Lessons from Charles Bukowski

Poetry advice and lessons on writing interpreted from the output of Charles Bukowski.

For some time now, Charles Bukowski has been one of my favourite poets; but within scholarly circles, he’s earned a reputation as the ‘patron saint of bad poetry.’ It’s true his work often lacked rhyme or conventional metre but, for whatever reason, Charles Bukowski has remained one of the world’s most popular poets. He may have been an alcoholic misogynist wrapped in layers of insecurities but his writing is unshakeable.

There are many people who have tried to ape Bukowski, but often they fail. Bukowski’s poetry wasn’t just sparse, it was harrowing; it said so much in few words and never went out of its way to prove its merit. With 80+ books of poetry and vast collections of letters, Bukowski is one of the most prolific writers of the 20th Century; there are thousands of lessons to be found.

“Each line should have its own power.”

When I approach the enjambment of a poem, calculating line-breaks, one of the first things I look at is the content of each line. I examine each line and assume an approximate length. This is determined by the first line I find that I believe is a self-contained truth.

From there, I look for the clauses that blend together and I find the break. I don’t like to start lines on ‘and’ unless it makes stylistic sense, but that’s personal preference.

Once my work is laid out in a thin skeleton of lines, I begin combing through and finding the weak points, where I haven’t said something, where there’s no little surprise in language or rhythm. I work these sections, look for links I can make to other parts or, sometimes, I just strip out the line entirely. If the line doesn’t need to be there, it doesn’t go there. Sometimes I save these lines to one side, hoping they might become something else, but mostly I cut them.

What is left is a cohesive string of ideas and treasures. It’s my aim that each stanza holds a multitude of surprises, allowing the reader or listener to revisit the piece a number of times.

“Genius might be the ability to say a profound thing in a simple way.”

If a writer cannot express an idea in such a way that everyone can understand it, they do not truly know the idea. Complex language and esoteric imagery can often be a way to dress up writing to buy false intellectual credit, but the master can put it in words a child would recognise.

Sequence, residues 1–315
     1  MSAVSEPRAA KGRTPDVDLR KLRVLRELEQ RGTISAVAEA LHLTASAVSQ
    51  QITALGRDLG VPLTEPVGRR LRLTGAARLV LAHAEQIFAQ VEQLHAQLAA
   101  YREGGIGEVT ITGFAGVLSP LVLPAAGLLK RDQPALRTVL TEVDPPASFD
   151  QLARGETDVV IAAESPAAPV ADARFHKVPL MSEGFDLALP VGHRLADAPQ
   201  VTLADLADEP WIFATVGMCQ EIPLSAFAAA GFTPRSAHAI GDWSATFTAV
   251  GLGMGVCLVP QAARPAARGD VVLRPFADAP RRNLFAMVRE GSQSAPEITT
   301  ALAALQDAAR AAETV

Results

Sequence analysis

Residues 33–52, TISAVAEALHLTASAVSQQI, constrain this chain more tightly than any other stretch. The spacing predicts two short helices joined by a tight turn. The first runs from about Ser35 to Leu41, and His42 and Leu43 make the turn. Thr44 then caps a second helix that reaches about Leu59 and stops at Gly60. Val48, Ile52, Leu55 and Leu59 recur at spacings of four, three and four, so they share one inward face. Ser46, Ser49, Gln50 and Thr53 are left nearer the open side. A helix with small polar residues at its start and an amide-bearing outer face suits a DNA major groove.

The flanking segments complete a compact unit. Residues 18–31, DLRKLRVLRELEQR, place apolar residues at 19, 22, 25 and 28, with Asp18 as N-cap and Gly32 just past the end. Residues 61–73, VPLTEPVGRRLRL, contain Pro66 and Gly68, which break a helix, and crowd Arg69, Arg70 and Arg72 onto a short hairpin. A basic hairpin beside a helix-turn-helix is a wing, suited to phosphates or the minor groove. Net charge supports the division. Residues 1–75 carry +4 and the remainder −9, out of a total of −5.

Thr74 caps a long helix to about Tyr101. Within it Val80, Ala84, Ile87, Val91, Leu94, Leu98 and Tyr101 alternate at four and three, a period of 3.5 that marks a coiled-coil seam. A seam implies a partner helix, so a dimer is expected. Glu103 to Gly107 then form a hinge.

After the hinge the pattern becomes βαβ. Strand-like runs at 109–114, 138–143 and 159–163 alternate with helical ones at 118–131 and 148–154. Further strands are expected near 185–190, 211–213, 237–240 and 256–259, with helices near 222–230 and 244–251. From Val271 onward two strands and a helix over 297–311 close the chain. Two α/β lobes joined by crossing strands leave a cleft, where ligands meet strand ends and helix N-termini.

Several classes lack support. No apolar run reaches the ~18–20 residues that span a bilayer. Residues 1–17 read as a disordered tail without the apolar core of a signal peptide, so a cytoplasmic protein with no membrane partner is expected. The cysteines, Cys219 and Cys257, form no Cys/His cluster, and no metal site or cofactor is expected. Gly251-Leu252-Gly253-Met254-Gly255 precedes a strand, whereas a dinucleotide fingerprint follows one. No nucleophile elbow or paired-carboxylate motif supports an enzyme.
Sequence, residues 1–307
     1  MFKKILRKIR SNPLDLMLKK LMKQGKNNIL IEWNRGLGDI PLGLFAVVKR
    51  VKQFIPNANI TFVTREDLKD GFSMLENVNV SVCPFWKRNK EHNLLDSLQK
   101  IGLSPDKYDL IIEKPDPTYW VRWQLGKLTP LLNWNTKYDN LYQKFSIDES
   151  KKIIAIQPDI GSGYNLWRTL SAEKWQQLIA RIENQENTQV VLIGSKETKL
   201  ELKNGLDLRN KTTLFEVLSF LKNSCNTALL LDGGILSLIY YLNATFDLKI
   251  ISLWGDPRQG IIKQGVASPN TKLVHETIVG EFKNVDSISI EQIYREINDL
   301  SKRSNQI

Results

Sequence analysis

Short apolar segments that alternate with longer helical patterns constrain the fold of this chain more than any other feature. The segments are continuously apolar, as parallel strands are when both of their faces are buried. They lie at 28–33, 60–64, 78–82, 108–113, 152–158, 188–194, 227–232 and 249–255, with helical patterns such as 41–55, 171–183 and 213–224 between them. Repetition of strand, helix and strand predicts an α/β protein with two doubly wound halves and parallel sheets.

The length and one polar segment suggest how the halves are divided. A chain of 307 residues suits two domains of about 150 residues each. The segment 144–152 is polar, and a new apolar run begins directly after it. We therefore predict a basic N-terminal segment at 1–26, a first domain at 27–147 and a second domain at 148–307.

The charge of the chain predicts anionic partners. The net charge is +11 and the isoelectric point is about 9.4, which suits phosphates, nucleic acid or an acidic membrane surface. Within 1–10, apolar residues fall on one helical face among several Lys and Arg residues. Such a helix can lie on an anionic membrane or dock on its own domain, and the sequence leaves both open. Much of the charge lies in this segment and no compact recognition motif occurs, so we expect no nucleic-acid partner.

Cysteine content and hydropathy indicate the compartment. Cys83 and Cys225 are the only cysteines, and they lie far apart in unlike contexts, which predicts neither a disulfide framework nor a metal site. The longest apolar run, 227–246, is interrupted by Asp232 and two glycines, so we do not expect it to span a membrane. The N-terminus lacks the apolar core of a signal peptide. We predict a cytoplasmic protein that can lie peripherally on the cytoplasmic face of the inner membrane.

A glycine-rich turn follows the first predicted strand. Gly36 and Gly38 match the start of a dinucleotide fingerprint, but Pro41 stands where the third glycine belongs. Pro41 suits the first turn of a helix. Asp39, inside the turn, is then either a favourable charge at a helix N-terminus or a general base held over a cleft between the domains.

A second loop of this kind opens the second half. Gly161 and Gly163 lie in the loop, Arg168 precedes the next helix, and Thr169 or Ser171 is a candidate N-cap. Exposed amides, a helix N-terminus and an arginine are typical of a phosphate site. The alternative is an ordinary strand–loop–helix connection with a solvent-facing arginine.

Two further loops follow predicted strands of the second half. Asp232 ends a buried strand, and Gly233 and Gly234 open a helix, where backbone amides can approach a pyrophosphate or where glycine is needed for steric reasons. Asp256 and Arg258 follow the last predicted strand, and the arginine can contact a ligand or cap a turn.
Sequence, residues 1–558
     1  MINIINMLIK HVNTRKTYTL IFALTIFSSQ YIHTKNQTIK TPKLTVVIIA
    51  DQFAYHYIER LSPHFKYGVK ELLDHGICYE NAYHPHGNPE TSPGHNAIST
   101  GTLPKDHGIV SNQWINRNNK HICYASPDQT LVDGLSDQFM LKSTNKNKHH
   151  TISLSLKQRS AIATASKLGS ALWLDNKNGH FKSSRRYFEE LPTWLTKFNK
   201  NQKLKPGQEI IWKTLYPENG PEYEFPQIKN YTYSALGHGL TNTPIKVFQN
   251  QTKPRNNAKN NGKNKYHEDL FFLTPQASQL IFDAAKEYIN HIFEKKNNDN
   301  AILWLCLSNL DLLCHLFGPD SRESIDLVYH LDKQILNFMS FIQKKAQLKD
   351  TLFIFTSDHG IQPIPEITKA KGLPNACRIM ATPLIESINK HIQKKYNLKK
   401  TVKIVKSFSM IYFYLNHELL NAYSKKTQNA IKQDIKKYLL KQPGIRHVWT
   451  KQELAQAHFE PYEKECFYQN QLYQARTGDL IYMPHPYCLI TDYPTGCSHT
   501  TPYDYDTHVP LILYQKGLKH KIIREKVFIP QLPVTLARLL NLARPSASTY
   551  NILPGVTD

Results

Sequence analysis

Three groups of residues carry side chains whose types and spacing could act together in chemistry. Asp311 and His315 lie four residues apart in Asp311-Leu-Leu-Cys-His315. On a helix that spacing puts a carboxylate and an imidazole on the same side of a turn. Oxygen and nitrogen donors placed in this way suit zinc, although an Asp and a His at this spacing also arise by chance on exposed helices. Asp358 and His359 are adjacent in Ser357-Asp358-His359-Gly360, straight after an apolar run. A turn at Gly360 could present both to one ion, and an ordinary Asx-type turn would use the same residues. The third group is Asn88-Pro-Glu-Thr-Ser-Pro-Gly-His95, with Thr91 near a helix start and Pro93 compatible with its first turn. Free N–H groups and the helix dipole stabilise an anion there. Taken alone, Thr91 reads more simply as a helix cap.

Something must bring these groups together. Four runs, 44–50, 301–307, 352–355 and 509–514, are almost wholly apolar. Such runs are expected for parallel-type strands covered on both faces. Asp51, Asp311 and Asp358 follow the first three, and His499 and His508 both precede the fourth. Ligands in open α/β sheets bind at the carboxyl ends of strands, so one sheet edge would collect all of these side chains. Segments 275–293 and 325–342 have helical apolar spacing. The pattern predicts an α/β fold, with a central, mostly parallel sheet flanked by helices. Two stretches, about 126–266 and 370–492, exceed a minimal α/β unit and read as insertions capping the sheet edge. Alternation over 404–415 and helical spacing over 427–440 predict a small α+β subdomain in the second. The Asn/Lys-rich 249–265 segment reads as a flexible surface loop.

I believe the goal of poetry is to express great truths in such a way that they live with you after reading. This is the power of poetry, its ability to change lives in a line.

If you only worry about appearing clever or only reaching clever people, you have ignored so many lives that you could have affected had you just taken the time to understand your idea more. I believe the lack of understanding from an audience is a failure of the writer, not the reader.

“If I don’t make it by the time I’m 60, I’m just going to give myself 10 more years.”

Just because the first thing you write isn’t a masterpiece, doesn’t mean you aren’t cut out for this. Likewise, just because you wrote it, doesn’t mean it’s a masterpiece.

I often tell people, “You have to write 10,000 bad lines before you get to the good stuff.” What I mean by this is, as you write more, your voice becomes more pronounced and you learn the shape of your writing better. As a poet, I could sit and write a dozen poems in an afternoon but how many of those will I publish or read?

Bukowski didn’t write his first successful novel until he was 49 but he kept at it. He was a frequent submitter to journals, and he wrote every day. At one point, he was writing and submitting 15 stories a month.

If you want to be a writer, be a writer.

“Good and evil and right and wrong keep changing.”

Don’t worry about upsetting people. Bukowski was always upsetting people, probably because he was a horrible person. What he was, and what he is valued for today, is in his honesty.

Bukowski showed people the filth of America and in turn, he was condemned. He wallowed in that filth and continued to write of it, and in time his writing was picked up by the counterculture and the rebels.

Now Bukowski has devoted followers akin to any of the all-time great writers. He is considered by some to be on the Mount Rushmore of poetry, but he wouldn’t have gotten there if he didn’t commit to his truth.

If your work has merit outside of shock, it will find the right audience in time.

“It’s when you begin to lie to yourself in a poem in order to simply make a poem, that you fail.”

A frequent lament of mine is, “Everybody wants to be Bukowski.”

People think that their work has to be sad and tragic to be deep. When it doesn’t come from a place of tragedy, it’s artificial and we, as an audience, can smell the fraud.

If you’re not homeless and heavily into drugs, writing about those things probably isn’t for you. If you write about heartbreak without really knowing it, your writing will show it.

It’s okay to write about being happy or to write about train journeys and flowers. If that’s what life is to you, write away!

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Connor Sansby is a Margate-based writer, editor, poet and publisher through his super-indie Whisky & Beards publishing label.

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